It will need greater clarity over durability of recovery for RBI to firm up its moves towards policy normalisation

Clipped from: https://indianexpress.com/article/opinion/editorials/monetary-policy-committee-rbi-economy-growth-7590564/

The withdrawal of policy support is likely to be gradual with the process playing out at multiple levels — beginning with normalisation of liquidity, which has begun, followed by a hike in the reverse repo, a shift in the stance from accommodative to neutral, culminating in a repo rate hike.

So far, the MPC has continued to attach primacy to growth considerations.

In its October meeting, the monetary policy committee of the RBI chose to maintain the policy status quo, keeping the benchmark repo rate at 4 per cent and continuing with its accommodative stance, presumably as long as is necessary to revive growth. But the decision was not unanimous. MPC member Jayanth Varma voted not only against continuing with the accommodative stance, but also argued in favour of raising the reverse repo rate. Concerns over how long the MPC can continue with its policy stance appear to be gaining traction. Even though the other members stuck to their earlier positions, there appears to be a shift in the tone of the commentary, with a member, Ashima Goyal, arguing that “over-stimulus as after the global financial crisis, with delay resulting in sharp adjustment, has to be avoided.”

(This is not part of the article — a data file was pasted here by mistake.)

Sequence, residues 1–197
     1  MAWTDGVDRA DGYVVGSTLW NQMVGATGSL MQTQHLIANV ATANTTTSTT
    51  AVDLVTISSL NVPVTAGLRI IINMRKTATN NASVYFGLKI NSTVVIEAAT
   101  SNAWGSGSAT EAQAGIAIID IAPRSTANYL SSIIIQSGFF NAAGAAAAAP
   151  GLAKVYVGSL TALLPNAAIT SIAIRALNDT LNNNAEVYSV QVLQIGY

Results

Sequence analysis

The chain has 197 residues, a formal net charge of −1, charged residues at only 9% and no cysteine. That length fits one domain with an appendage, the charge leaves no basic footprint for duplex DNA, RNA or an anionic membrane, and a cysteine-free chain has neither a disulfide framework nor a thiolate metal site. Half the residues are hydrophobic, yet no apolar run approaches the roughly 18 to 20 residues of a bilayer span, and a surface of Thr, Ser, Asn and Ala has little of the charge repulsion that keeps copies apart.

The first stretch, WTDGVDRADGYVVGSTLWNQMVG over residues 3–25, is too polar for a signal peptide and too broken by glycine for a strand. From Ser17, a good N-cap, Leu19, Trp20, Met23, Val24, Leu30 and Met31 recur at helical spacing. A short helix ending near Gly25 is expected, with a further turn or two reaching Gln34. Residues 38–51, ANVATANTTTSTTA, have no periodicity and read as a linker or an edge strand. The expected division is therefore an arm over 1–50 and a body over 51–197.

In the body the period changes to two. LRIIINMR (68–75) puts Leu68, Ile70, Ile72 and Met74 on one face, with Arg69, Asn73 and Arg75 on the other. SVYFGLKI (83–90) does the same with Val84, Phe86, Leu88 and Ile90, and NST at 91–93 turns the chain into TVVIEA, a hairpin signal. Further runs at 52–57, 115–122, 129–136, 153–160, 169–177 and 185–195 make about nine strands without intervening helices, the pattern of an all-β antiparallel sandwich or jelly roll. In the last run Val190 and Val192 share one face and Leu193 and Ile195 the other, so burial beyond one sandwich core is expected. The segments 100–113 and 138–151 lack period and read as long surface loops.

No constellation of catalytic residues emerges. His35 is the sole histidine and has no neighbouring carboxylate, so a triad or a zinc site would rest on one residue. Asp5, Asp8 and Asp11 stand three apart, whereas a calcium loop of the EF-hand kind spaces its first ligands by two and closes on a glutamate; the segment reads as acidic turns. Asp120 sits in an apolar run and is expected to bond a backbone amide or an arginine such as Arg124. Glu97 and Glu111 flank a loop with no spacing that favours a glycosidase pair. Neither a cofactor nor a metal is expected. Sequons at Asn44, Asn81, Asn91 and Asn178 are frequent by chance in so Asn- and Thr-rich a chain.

So far, the MPC has continued to attach primacy to growth considerations. In their most recent comments, most members highlighted the uneven nature of the recovery — the scarring of small business and the informal sector. According to another MPC member, Mridul Saggar, of the 404 industries for which data is available, 63.4 per cent are operating below 2018-19 levels. RBI Governor Shaktikanta Das also argued that the “informal sector is likely to take even longer to recoup as the impact of the second wave on this sector was relatively more pronounced.” But the space for continuing with its current stance appears to be receding. On the inflation front, the MPC members were cognisant of the risks, as, even though headline inflation has dipped — CPI fell to 4.35 per cent in September, down from 5.3 per cent in August — core inflation remains elevated. As Varma noted, “inflationary pressures are beginning to show signs of greater persistence than anticipated earlier”. Economists expect inflation to inch back upwards. According to the RBI’s projection, it is expected to dip to 4.5 per cent in the third quarter, rising thereafter to 5.8 per cent in the fourth quarter.

The withdrawal of policy support is likely to be gradual with the process playing out at multiple levels — beginning with normalisation of liquidity, which has begun, followed by a hike in the reverse repo, a shift in the stance from accommodative to neutral, culminating in a repo rate hike. However, the duration over which this plays out is uncertain. Perhaps a few more months of data will provide greater clarity over the durability of the recovery, allowing the MPC to firm up its exit plans.

This editorial first appeared in the print edition on October 26, 2021 under the title ‘Exit plan’.

Leave a Reply

Fill in your details below or click an icon to log in:

WordPress.com Logo

You are commenting using your WordPress.com account. Log Out /  Change )

Google photo

You are commenting using your Google account. Log Out /  Change )

Twitter picture

You are commenting using your Twitter account. Log Out /  Change )

Facebook photo

You are commenting using your Facebook account. Log Out /  Change )

Connecting to %s